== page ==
The aim of this study was to examine the frequency of JAK–STAT3 activation in ex vivo-enriched primary tumour cell populations derived from the peripheral blood of SS patients and to determine whether this is mediated by inactivation of SHP-1.

Patients and methods

Patients and cell lines

All patients fulfilled the WHO–EORTC diagnostic criteria for SS,1 and the presence of an identical T-cell clone was demonstrated in peripheral blood and lesional skin biopsy by TCR gene rearrangement studies using BIOMED-2 primer sets.31 Sézary cell counts were determined at the time of diagnosis and all patients included in the study had a Sézary count >1000 cells/μl3. Total lymphocyte, CD4 counts and CD4/CD8 ratios were noted at sampling as an indicator of tumour burden. All patient samples were obtained from the nationally approved Cutaneous Lymphoma Research Tissue Bank (07/H10712/106). Healthy control samples were obtained with the approval of the Guy's and St Thomas' Hospital Research Ethics Committee (EC01/301).

A total of 59 patients were involved in this study. For experiments involving freshly isolated enriched tumour cell populations, 18 patients were studied. Multiple samples were available from 10 of the 18 patients, and were used for the functional studies. In addition, genomic DNA from enriched tumour samples from 47 SS patients were analysed for the SHP-1 methylation study.

Primary keratinocytes from healthy skin biopsy samples were available in the department. The CTCL cell lines, HuT78 and SeAx, were gifts from Dr S John (King's College London) and Dr M Vermeer (Leiden University Medical Centre), respectively. MyLa and HEK293 cells were obtained from the ECACC (Salisbury, UK). All cultures were maintained in RPMI containing 10% fetal calf serum and 1% penicillin/streptomycin (Invitrogen, Paisley, UK). SeAx cells were supplemented with interleukin (IL)-2 (25 U/ml).

Enrichment of SS tumour cell populations

At present, there are no tumour-specific cell surface biomarkers available to isolate Sézary cells. We have previously shown that because of the marked heterogeneity of tumour cell populations, isolation of CD4+ T-cells is the most appropriate method to enrich for tumour cells without loss of tumour cell sub-populations.32, 33 Lymphoprep (Axis-shield, Kimbolton, UK) gradient centrifugation was used either directly to isolate peripheral blood lymphocytes or following incubation with RosetteSep CD4+ T-cell enrichment cocktail (Stem Cell Technologies, Grenoble, France) to isolate CD4+ T-cells.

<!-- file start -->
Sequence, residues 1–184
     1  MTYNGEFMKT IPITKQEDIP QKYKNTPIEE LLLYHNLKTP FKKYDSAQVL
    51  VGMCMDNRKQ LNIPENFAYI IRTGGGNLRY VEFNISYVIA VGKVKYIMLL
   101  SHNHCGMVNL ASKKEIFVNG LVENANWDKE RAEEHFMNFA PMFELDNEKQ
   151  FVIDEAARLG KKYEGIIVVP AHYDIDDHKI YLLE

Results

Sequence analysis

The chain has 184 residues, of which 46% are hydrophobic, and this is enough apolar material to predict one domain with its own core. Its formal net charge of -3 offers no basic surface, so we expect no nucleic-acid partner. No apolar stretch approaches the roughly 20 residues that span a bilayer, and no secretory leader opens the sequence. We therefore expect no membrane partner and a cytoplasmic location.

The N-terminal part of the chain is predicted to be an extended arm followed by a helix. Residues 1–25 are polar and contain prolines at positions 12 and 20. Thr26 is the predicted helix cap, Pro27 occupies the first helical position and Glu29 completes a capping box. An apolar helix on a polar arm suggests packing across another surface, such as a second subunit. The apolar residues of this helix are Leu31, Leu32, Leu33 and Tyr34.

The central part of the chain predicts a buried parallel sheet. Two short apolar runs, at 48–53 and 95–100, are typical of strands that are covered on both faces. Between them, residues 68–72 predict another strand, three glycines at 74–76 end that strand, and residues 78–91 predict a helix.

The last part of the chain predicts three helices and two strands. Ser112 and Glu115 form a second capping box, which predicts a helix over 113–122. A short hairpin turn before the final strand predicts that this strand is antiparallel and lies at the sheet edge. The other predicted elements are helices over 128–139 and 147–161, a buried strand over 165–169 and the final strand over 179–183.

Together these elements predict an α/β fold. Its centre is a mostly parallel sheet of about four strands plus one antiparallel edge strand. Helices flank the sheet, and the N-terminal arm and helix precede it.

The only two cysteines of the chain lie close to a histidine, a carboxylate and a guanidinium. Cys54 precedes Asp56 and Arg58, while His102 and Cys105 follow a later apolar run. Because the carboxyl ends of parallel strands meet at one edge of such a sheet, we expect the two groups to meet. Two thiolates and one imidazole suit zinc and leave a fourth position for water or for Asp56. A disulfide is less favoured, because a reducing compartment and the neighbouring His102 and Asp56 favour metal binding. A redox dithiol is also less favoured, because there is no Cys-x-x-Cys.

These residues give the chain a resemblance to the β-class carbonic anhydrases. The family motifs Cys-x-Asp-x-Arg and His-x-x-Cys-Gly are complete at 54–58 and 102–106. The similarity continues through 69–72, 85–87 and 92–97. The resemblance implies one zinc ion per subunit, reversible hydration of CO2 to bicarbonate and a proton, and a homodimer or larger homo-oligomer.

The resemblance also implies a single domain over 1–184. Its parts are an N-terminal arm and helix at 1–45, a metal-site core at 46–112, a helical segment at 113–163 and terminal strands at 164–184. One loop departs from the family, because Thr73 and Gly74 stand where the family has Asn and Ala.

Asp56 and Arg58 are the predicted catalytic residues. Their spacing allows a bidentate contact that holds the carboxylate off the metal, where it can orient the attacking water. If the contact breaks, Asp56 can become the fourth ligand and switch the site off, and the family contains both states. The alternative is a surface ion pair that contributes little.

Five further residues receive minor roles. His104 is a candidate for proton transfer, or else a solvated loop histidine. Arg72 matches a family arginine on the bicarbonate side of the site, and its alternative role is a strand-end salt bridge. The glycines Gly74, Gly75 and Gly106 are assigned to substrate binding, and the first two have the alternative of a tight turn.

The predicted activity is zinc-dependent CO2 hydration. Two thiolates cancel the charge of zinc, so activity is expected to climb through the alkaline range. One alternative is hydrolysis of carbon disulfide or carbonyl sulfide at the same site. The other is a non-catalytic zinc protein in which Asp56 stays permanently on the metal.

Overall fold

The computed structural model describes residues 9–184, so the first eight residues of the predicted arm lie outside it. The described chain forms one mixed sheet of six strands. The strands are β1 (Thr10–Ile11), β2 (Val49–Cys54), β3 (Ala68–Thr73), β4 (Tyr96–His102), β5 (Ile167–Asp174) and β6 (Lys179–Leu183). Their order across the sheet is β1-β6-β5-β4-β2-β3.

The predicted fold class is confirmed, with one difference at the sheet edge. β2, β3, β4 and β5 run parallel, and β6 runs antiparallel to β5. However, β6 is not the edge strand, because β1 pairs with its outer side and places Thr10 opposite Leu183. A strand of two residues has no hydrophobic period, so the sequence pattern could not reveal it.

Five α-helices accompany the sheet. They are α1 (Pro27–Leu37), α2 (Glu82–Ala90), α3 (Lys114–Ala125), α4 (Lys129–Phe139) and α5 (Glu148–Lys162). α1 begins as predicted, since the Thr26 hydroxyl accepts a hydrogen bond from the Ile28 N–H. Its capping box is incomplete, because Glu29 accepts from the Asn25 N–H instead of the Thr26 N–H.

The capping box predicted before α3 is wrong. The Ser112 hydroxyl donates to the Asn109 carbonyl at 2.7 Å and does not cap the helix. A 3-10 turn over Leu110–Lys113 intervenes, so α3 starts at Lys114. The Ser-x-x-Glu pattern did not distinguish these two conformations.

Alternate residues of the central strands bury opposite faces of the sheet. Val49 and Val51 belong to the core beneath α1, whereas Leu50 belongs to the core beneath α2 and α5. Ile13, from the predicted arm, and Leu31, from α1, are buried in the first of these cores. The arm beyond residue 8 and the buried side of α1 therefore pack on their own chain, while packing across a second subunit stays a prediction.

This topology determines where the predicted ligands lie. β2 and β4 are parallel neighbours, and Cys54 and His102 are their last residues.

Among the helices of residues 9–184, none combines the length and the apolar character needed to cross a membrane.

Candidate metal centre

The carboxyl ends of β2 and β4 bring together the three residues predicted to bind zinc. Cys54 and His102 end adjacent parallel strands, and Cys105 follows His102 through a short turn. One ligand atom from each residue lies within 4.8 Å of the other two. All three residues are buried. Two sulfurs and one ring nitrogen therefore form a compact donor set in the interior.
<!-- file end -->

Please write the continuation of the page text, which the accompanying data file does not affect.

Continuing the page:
Cell lysates were prepared and immunoblotting was performed using standard procedures. Each blot was incubated overnight at 4 °C with anti-STAT3, anti-phospho-STAT3, anti-JAK1, anti-phospho-JAK1, anti-JAK2, anti-phospho-JAK2 (New England Biolabs, Hitchin, UK) or polyclonal anti-SHP-1 (Atlas antibodies AB, Stockholm, Sweden) according to the manufacturer's instructions. Immunoreactivity was detected using peroxide-conjugated anti-mouse or anti-rabbit secondary antibody (Abcam, Cambridge, UK), and was visualised using enhanced chemiluminescence (ECL, GE Healthcare, Chalfont St Giles, UK).

Intracellular flow cytometry

All experiments analysed with multiple antibodies were performed sequentially on the same day. A total volume of 1 × 106 cells/ml were fixed in 1% formaldehyde and then permeabilised in 90% methanol. Following permeabilisation, cells were treated for 1 h with the following primary antibodies; anti-STAT3 (1/100), anti-phospho-STAT3 (1/50), anti-JAK-1 (1/100), anti-phospho-JAK1 (1/50), anti-JAK2 (1/100), anti-phospho-JAK2 (1/50) and anti-SHP-1 (1/150). Cells were then incubated with a fluorescent secondary antibody (Alexa Fluro 488 goat anti-rabbit IgG or Alexa Fluro 588 goat anti-mouse IgG, Invitrogen). To detect background fluorescence, samples were incubated with a rabbit or mouse isotype control (Invitrogen). Flow cytometry analysis was performed on a FACSAriaII (BD Biosciences, Oxford, UK); machine settings were standardized and retained throughout the study; 10 000 events were acquired per sample and delta mean fluorescent intensity was calculated by subtracting the mean fluorescent intensity of the isotype control from the mean fluorescent intensity of the specific antibody using Flowjo software (Tree Star Inc., Ashland, OR, USA).